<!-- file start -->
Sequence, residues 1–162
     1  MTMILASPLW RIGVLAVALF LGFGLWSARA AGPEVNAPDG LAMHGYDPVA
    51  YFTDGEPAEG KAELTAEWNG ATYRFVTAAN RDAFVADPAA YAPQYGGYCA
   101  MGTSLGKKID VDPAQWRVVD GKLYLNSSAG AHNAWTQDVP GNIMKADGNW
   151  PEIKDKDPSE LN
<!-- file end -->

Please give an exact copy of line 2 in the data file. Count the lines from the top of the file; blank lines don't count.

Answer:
     1  MTMILASPLW RIGVLAVALF LGFGLWSARA AGPEVNAPDG LAMHGYDPVA